The development of the recipe for this emulsion is one template for The Light Farm's cooperative learning experiment.  I have taken what is arguably the most well-known of the 'historic' emulsion formulas and modified it for our use.  The recipe makes 200 ml (give or take) of emulsion, enough to coat a dozen or more 5x7-inch glass plates.  It is a starting point - a slow and low contrast emulsion, but simple and almost foolproof with very little risk of fog.  I hope that it encourages people to take the plunge into emulsion making.  There is wide latitude for experimentation and improvements, wherein lies the philosophy of The Light Farm.

People who try this recipe, with contribution to the body of emulsion knowledge in mind, will take careful notes of their procedures.  (For example: increasing the digestion time will increase the speed, but runs the risk of introducing fog.  A curve of  time/sensitivity will be of enormous use.)  There are additions to try, and coating procedures to perfect.  And always, the wealth of developers to play with.  Question: Will the emulsion frill in a non-pyro developer?  Beyond making the negative, what are the best printing techniques?

All of the tools and materials needed for this recipe are available from a good grocery/household goods store, the Photographers' Formulary, and Daniel Smith Art Supplies (with the exception of the magnetic hot plate).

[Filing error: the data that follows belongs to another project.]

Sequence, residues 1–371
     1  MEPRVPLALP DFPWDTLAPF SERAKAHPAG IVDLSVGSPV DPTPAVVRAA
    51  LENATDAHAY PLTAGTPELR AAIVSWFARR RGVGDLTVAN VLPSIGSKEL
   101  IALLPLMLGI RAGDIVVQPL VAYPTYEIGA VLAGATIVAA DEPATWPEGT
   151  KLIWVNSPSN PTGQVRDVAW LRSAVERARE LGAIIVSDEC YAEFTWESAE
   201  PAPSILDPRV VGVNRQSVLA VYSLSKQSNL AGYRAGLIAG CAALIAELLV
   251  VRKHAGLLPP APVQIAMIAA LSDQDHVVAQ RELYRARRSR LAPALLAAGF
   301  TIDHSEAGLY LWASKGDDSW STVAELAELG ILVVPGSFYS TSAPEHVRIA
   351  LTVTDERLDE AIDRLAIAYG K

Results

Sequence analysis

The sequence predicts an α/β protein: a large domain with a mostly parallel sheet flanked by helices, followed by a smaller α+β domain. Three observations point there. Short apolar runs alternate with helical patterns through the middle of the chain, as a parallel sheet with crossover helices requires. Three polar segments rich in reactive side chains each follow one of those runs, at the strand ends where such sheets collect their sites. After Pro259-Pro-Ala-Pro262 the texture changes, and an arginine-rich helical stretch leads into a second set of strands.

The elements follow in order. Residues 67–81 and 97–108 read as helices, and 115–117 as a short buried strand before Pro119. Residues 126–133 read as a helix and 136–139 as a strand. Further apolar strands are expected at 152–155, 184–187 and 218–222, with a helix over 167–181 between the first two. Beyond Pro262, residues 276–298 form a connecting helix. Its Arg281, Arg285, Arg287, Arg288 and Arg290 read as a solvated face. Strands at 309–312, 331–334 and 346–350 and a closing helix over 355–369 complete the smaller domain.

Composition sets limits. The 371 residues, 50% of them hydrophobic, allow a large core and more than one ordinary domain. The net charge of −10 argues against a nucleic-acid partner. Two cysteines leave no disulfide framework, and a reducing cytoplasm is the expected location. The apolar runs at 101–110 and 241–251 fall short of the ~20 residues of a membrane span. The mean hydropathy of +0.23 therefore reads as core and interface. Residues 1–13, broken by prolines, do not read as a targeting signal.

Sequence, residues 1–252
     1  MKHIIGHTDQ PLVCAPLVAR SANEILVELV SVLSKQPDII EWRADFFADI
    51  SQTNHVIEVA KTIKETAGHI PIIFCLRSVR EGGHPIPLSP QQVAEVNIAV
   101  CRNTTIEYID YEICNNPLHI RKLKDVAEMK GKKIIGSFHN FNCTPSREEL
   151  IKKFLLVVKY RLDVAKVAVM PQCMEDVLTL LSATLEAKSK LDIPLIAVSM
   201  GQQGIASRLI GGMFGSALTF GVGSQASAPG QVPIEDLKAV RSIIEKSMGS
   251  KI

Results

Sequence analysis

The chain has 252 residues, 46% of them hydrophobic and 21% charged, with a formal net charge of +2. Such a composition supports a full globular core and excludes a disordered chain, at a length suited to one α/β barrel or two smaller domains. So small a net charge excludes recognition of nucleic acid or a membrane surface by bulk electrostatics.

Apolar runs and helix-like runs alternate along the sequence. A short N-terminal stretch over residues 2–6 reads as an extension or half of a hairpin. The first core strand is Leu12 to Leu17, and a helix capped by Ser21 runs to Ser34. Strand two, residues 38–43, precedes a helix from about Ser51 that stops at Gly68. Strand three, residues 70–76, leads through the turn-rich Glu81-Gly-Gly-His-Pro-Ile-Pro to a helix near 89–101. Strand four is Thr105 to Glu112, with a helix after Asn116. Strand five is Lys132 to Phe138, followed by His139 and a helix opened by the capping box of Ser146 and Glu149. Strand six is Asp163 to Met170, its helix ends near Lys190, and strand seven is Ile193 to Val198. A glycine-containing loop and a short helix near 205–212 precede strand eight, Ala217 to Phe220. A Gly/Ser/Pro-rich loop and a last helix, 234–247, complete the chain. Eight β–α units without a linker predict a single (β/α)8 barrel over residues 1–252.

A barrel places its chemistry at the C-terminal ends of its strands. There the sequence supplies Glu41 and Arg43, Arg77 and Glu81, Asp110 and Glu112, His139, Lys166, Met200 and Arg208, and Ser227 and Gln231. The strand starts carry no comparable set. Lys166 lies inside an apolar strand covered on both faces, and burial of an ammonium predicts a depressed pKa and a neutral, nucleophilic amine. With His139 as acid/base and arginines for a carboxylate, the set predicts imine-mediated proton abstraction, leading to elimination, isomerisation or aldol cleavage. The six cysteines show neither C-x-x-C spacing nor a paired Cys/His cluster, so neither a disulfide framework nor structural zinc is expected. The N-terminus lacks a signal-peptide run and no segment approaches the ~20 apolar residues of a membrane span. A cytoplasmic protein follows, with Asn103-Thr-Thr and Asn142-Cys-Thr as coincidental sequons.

From upper left: 1/2 gallon Coleman drink cooler and a jelly straining bag for emulsion washing, 2 gallon Coleman for holding ice water for washing, Daniel Smith stainless steel field brush washer for light-tight emulsion refrigeration, stainless steel potato ricer for noodling emulsion, gold mesh coffee filter, assorted beakers and a canning funnel, 10 ml graduated cylinder, water bath and thermometer, sanding brick to smooth glass plate edges, assorted scoops, small (0.5 cm) funnel for silver additions, double back tape, mylar sheets, straight edge, and x-acto knife.

Also needed are the various tools common to a good home darkroom, including an accurate scale.  In addition, a basic magnetic hot plate is very handy.  I got mine on ebay for $149.  A thermostat probe model is not necessary.

For additional details on tools and materials please go here.

The Light Farm Glass Plate Negative Emulsion #1

This recipe has been slightly modified here

Modified from Photographic Emulsion Technique, 2nd Ed.
T. Thorne Baker, 1948, page 82.

First Session: For Approx. 200 ml emulsion: Preheat waterbath on magnetic hot plate to 43C. Weigh out ingredients.
Part D: Distilled water, refrigerator temp 20 ml
  Gelatin 15 g

In a beaker (150 to 250 ml size) or a container that is easy to scrape out, swell gelatin at least 30 minutes at room temp.

Part A: Distilled water, refrigerator temp 50 ml
  Gelatin 2.5 g

In 250 ml beaker, swell gelatin 30 min. Add:
Ammonium bromide 6.5 g
Potassium iodide, 10% solution 1 ml

Melt to 43C in waterbath, with occasional, gentle stirring.

Part B: Silver Nitrate 5.2 g
  Distilled water, room temp 5 ml